In the late 1800s and early 1900s, Elijah McCoy was a black inventor and engineer. He is well-known for his 57 U.S. patents and for completely transforming the railroad industry. McCoy patented a device in 1872 that automatically oiled locomotive parts while the train was in motion.

The real deal. The device automatically supplied lubricating oil to locomotive cylinders, bearings, and axle box mountings. Because trains did not need to be stopped en route to their destinations to have their engines greased, productivity increased, allowing trains to run faster and more profitably. And he patented it in the United States and Canada in 1872 and 1874, respectively.

 

Why is Elijah McCoy so important?

In the late 1800s and early 1900s, Elijah McCoy was a Black inventor and engineer. He is well-known for his 57 U.S. patents and for completely transforming the railroad industry.

Other engineers quickly replicated the massive technological breakthrough, but his talent and craftsmanship were hard to replicate accurately. His name became synonymous with superior quality; railroad workers demanded “the real McCoy” and refused to use technology from another company.

McCoy never stopped working on or improving his inventions; he patented 57 in his lifetime. Many of his inventions were related to improving train travel, but he also designed ironing boards, lawn sprinklers, and other machines that we still use today.

McCoy established the Elijah McCoy Manufacturing Company near the end of his life in 1920, gaining even more credibility and respect. Elijah McCoy passed away on October 10, 1929.

Even though the world and industry were conspiring against him, McCoy changed and improved transportation for all of us around the world.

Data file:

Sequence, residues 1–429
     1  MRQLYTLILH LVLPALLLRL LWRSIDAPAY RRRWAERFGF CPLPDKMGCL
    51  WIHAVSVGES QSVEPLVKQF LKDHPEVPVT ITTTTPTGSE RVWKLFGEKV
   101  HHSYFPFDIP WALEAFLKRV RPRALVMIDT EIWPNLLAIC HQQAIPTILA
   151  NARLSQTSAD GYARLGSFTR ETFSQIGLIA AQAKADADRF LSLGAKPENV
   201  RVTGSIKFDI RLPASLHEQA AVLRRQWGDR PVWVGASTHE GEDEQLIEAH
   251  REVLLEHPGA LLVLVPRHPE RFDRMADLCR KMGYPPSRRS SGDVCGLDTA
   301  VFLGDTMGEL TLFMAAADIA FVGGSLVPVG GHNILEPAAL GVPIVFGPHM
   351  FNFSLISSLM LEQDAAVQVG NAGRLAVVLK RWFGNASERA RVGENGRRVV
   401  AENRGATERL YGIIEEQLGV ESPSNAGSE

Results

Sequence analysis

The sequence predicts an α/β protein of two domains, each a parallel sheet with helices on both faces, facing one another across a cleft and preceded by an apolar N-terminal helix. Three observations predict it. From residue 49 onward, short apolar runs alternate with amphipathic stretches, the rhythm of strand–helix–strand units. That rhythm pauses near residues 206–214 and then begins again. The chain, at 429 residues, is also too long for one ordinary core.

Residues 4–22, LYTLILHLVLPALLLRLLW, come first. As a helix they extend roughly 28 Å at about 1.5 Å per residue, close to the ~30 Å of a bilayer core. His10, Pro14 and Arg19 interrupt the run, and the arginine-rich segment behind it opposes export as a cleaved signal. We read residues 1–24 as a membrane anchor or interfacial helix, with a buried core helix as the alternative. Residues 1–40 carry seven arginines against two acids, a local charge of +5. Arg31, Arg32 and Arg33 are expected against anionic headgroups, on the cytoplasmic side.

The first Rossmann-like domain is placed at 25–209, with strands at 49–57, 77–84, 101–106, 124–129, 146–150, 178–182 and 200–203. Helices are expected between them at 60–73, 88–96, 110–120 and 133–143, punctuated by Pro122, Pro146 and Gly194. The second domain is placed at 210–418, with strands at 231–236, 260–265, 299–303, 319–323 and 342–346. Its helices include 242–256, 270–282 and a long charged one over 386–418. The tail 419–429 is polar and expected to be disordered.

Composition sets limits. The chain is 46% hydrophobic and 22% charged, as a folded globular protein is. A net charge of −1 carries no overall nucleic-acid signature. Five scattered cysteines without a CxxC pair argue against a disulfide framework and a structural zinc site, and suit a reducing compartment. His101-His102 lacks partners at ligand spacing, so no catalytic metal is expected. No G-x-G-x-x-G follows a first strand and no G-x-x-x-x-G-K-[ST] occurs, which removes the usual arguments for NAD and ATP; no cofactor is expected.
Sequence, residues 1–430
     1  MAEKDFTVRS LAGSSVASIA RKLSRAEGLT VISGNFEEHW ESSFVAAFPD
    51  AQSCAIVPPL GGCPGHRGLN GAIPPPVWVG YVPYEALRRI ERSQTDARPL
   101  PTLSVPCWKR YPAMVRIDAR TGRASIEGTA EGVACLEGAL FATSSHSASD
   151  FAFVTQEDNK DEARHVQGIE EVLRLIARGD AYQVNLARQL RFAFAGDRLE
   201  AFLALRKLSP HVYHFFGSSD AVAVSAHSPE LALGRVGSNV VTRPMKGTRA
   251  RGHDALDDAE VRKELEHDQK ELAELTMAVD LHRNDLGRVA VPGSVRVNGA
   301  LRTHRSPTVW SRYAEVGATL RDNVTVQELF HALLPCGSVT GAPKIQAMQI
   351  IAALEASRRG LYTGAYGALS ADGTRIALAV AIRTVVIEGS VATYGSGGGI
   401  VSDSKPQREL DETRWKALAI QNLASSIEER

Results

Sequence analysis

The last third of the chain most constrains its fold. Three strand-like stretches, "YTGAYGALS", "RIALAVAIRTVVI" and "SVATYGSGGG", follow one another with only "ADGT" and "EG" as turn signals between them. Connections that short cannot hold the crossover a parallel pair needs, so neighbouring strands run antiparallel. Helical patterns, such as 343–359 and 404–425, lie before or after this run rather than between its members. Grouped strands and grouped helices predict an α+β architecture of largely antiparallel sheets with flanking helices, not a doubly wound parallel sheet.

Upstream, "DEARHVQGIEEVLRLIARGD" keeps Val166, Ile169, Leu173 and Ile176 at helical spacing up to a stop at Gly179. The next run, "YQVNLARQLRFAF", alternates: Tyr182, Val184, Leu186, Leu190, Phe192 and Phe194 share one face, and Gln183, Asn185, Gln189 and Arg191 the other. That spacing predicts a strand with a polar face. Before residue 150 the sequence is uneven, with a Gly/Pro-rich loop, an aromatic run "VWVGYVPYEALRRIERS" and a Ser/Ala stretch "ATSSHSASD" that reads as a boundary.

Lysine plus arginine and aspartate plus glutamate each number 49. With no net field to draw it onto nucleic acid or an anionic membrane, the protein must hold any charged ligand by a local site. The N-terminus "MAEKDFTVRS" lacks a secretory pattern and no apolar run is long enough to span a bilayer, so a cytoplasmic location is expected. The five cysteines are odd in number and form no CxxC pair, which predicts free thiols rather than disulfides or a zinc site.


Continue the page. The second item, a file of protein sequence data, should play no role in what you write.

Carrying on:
The early life of Elijah McCoy

McCoy was born on May 2, 1844, to George and Mildred McCoy in Colchester, Ontario, Canada. His parents, who were born into slavery, fled Kentucky and arrived in Canada via the Underground Railroad. George enlisted in the British forces and was rewarded with 160 acres of land in exchange.

McCoy and his family returned to the United States when he was three years old, eventually settling in Ypsilanti, Michigan, where his father opened a tobacco business. McCoy was fascinated by his father’s tools and machines from a young age, and he experimented with various ways to repair and improve them.

 

Death of McCoy 

In 1873, he married Mary Eleanora Delaney for the second time. When McCoy found work in Detroit, the couple relocated. In 1898, Mary McCoy (died 1922) assisted in the establishment of the Phillis Wheatley Home for Aged Colored Men.

McCoy died on October 10, 1929, at the age of 85, in the Eloise Infirmary in Nankin Township, now Westland, Michigan, from injuries sustained in a car accident seven years earlier in which his wife Mary died.  He was laid to rest in the Detroit Memorial Park East in Warren, Michigan.